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Archive - Friday, 18 October 2002
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Exiled emperor at home in hotel
FIFTY years ago, the Malvern Gazette recorded the incorporation of the former Italian colony of Eritrea into the African country of Ethiopia.
Why was this of interest to Malvern?
Simply because ten years previously, Ethiopia's ruler, the Emperor Haile Selassie, was living in exile here in Malvern.
"Few now remember," wrote the editor in 1952, "that it was here in the Abbey Hotel that Haile Selassie made his home for a while, and it was here that his granddaughters and the daughters of court officials have since been educated in our democratic way of life.
"I had the impression of a man bowed with grief at the fate which had overtaken his people at the hands of an enemy armed with all the terrifying resources of scientific warfare.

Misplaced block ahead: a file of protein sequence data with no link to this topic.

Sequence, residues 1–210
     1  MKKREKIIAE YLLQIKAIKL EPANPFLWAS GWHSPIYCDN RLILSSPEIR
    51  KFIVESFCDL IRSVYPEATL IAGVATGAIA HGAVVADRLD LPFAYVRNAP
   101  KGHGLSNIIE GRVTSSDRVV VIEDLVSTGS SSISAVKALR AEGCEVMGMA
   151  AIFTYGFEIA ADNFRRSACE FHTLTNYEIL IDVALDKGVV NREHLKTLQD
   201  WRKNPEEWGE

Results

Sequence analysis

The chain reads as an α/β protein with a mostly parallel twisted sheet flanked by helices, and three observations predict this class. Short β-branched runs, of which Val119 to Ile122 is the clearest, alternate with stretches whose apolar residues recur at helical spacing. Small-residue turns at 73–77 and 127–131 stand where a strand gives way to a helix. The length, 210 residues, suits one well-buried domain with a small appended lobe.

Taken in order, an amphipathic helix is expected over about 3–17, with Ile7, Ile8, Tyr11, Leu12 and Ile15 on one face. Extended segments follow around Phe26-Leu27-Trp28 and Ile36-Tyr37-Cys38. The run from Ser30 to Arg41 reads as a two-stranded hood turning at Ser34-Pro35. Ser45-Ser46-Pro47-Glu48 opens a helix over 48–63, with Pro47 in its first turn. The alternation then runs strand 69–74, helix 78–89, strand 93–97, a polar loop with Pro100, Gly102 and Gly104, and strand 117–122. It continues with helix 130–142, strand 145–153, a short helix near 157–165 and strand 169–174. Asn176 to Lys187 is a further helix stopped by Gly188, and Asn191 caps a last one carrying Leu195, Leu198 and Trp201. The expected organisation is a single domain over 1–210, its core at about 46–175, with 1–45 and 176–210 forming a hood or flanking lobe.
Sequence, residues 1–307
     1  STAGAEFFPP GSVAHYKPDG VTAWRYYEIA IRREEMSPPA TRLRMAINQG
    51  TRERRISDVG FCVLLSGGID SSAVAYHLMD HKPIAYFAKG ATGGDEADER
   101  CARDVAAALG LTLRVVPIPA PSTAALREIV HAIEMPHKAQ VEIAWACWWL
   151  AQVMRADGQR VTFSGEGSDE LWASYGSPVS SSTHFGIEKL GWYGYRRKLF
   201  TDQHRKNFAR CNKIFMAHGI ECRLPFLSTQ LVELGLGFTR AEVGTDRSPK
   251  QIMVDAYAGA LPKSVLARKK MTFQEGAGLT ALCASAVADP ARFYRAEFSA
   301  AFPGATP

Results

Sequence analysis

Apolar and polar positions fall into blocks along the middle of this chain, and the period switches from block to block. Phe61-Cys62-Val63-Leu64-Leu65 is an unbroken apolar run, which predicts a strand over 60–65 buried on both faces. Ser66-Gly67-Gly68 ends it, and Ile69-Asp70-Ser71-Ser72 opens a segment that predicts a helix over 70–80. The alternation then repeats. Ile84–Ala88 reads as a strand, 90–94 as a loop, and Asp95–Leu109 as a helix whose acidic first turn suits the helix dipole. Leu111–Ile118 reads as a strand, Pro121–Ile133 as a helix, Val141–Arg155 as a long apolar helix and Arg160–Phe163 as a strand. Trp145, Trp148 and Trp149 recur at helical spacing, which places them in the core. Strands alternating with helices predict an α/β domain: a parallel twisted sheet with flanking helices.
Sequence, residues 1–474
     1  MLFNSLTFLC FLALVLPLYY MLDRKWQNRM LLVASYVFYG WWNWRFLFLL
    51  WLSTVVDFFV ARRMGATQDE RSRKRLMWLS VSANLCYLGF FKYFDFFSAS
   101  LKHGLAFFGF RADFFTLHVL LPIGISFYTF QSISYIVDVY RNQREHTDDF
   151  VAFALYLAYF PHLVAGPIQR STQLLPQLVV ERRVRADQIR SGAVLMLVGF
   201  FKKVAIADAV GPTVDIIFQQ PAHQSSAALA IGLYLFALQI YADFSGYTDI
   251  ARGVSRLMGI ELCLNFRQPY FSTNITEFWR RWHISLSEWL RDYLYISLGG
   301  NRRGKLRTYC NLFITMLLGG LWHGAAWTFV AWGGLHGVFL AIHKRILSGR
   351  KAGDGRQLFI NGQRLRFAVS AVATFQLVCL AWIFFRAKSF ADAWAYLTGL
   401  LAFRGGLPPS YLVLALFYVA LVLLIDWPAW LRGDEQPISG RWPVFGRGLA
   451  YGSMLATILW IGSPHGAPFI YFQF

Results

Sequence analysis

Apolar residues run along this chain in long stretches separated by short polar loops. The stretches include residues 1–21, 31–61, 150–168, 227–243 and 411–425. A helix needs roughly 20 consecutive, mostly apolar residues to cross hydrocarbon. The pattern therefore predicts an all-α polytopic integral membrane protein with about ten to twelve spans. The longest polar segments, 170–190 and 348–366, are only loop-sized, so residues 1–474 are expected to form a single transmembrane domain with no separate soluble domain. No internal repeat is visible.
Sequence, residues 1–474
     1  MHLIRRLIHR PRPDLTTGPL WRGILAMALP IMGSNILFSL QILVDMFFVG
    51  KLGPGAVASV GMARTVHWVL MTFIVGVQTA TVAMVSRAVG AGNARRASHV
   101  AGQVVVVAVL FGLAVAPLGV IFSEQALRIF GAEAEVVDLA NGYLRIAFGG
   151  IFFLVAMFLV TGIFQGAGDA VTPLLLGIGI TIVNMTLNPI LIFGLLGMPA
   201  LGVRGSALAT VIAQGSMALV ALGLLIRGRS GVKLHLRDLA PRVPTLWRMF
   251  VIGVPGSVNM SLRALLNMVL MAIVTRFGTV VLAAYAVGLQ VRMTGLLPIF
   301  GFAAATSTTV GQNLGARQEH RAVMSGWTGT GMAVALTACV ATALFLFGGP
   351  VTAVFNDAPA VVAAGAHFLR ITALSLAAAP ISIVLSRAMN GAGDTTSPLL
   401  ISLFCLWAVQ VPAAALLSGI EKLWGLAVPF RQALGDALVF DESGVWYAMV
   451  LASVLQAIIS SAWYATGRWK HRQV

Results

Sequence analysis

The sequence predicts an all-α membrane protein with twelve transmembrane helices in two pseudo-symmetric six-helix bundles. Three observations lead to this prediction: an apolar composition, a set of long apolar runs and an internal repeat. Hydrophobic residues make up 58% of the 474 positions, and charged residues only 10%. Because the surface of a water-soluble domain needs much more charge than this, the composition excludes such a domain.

"But his eyes were courageous as well as sad and his bearing superbly dignified as befitted a descendant of the Lion of Judah."
Haile Selassie, formerly Ras Tafari, was exiled from his kingdom between 1936 and 1943 by the Italian invasion.
In Britain for most of that time, he attempted to raise public support for the plight of his country, but gained little attention until Italy entered the war on the side of Germany in June 1940. His reign lasted until 1973, when he was deposed by the army.
He died in 1975, in questionable circumstances, while under house arrest and was buried in secret.